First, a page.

- According to Food Navigator, although prebiotics are not new to the market, the only consumer group that knows a lot about them are supplement veterans, and mainstream acceptance is still a ways away.
- Due to an abundance of conflicting information and regulatory hurdles associated with printing prebiotic claims on labels, research from the Global Prebiotic Association shows that even the most seasoned supplement users have a murky understanding of what a prebiotic actually is. Prebiotics are ingredients that feed good bacteria that is already in the gut.
- “The knowledgeable supplement users are looking for products labeled 'prebiotic.' But even then, they do not understand the differences" between different types, Steven Hanson, senior vice president of global sales for PreNexus Health, told Food Navigator.
The buzz about gut health continues to get louder. While the main focus continues to be on probiotics, prebiotics are gaining increased attention. According to a Global Industry Analysts’ report, demand for prebiotic-containing products could drive the market to reach $7.8 billion by 2022. Probiotics, however, will eclipse that figure. The same firm predicts the probiotics market will exceed $63 billion that year.
While probiotics have been in mainstream vernacular for years, the same cannot be said about prebiotics, which may have something to do with the various forms that are available on the market, but are not as interchangeable as probiotics.
Another problem that prevents the mainstream from understanding prebiotics is the complex studies and regulations required to certify the use of the term. Still, even with these hurdles, a Markets and Markets report noted that annual growth of the prebiotic market is expected to sit at 10.4%.
“Prebiotics are emerging as the next super ingredient for digestive health”, said Deb Anderson, director of new market development - innovation at DSM in a statement. “With 29% of Americans already aware of the linkage between prebiotics and healthy digestion and the microbiome, industry reports predict a 44% growth spike in awareness through 2025.”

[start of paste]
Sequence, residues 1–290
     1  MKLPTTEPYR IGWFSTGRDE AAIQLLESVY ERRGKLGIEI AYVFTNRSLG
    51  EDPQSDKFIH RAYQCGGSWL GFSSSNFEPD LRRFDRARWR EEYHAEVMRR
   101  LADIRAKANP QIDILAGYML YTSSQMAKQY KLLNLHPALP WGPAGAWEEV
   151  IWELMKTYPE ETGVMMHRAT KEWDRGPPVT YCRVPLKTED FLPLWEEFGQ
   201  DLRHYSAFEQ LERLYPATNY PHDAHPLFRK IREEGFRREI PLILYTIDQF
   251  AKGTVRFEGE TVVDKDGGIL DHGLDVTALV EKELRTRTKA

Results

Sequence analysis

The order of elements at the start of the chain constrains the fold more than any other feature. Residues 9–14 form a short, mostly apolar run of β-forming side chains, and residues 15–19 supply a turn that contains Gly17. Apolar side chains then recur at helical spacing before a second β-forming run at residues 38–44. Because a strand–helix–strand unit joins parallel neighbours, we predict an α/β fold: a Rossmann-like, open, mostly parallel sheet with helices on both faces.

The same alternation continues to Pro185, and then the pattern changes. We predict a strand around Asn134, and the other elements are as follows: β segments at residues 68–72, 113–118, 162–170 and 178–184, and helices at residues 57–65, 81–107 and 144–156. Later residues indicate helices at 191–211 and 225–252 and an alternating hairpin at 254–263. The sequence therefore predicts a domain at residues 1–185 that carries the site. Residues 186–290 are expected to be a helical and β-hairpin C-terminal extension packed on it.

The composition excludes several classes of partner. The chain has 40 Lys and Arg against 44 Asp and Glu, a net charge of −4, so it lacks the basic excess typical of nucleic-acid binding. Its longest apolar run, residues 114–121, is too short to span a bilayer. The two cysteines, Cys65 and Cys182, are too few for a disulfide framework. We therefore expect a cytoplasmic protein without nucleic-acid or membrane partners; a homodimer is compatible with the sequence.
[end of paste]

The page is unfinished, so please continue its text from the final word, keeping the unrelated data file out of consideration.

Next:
Some of this awareness will be generated through educational marketing and the rest will be done through individual tests as shoppers purchase products with prebiotics. Already, there are quite a few products on the market that have introduced prebiotics into the mix and found initial success. These include a white chocolate fortified with goji-berry prebiotics and antioxidants, as well as an infant formula developed by DuPont that gives bottle-fed babies similar bacteria that breastfed babies receive from their mothers.
However, not everyone is going to purchase prebiotic-infused products without a little continuing education. CPG companies and retailers need to educate their clientele on the benefits of prebiotics by engaging them in conversation. A successful approach may be to take a page out of Lucky’s Supermarkets storewide plant-based education initiative, or to go a more conventional route by increasing marketing both in-store and online in hopes of creating enough exposure and repetition to generate curiosity among the mainstream. Another idea may be to combining prebiotics with probiotics, which research suggests would benefit from piggybacking on probiotics’ acceptance in a number of applications.